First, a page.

How Often Should You Give an Employee Recognition?
Expectations have shifted when it comes to employee recognition. For example, going back at least 20 years, many, if not most, great employees went unrecognized for years at a time. Now, however, Millennials entering the work force are used to being recognized often, and it serves as a valuable motivation tool. The issue is not Millennial-specific, either. By recognizing employees of any age on a regular and frequent basis, a company builds loyalty and goodwill. Here are a few ways in which companies, HR professionals, and managers can approach employee recognition.
Prioritize “Informal” and Frequent Recognition
Employee recognition is a multigenerational issue, and informal recognition can be just as valuable, if not more valuable, than formal recognition programs. Informal recognition takes many forms. One example is praising an employee on troubleshooting a tricky customer problem. It is important, though, that the recognition be sincere and not mere recognition for its own sake.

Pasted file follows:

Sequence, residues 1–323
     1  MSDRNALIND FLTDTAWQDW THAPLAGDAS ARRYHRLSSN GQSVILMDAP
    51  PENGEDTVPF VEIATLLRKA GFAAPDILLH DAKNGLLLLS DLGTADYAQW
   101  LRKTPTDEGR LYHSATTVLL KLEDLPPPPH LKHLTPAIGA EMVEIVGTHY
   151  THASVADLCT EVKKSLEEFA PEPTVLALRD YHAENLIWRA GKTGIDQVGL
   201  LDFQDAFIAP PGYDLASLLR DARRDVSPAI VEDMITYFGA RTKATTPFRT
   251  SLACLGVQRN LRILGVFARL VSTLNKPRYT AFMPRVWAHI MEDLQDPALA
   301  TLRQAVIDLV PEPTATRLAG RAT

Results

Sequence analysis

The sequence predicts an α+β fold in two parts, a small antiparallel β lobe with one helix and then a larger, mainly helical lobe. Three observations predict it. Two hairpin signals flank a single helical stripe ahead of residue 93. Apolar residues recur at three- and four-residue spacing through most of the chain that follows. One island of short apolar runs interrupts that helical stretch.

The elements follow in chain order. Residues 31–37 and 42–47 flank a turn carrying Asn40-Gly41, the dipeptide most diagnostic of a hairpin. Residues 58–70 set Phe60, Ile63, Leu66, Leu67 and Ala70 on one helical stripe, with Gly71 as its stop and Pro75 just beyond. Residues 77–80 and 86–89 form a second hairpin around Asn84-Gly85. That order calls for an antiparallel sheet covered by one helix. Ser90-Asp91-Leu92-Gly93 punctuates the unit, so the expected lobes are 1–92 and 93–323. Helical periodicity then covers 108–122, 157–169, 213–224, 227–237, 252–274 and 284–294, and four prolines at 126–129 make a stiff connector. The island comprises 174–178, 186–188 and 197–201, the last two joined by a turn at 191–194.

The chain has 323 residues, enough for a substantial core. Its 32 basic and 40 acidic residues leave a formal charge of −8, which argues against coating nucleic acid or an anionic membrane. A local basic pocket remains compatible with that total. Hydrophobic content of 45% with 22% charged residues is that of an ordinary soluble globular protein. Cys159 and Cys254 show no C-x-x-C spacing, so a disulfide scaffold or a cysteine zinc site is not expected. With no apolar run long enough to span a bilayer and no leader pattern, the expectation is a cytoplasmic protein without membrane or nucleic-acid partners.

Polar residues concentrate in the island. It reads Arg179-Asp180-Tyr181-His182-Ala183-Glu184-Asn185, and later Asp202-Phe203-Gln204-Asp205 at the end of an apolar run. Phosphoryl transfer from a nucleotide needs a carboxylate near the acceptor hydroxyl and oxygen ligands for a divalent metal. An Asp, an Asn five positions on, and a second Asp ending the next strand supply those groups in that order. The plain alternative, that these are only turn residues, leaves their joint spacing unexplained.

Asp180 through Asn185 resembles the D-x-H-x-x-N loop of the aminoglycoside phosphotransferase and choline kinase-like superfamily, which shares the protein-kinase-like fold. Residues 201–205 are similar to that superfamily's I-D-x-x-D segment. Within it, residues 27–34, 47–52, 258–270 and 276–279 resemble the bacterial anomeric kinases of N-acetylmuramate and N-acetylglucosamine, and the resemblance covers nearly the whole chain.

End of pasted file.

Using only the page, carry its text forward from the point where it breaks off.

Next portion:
Train Managers and HR Professionals
Managers and HR professionals may need training on how to identify areas for recognition and how to deliver this recognition informally. One way to deliver recognition is to congratulate someone for an accomplishment at the beginning of staff meetings—be sure to alternate recognitions to avoid singling the same people out again and again. Another approach is an employee bulletin board for employees to recognize one another. A “way to go!” for an incredible teamwork effort on a project can serve as a visible motivator.
“Great work!” from a manager may sound nice, but specific details are better. “Great work on resolving the Jones computer issue. You prioritized really well and stayed calm under huge stress,” is more specific and more likely to engage an employee.
Ditch Expensive, Formal Recognition Programs
Strive for programs in which recognition for employees is frequent; small bonuses can be good for this type of program. Not enough people know about or care about getting a trophy for staying at the company for 15 years.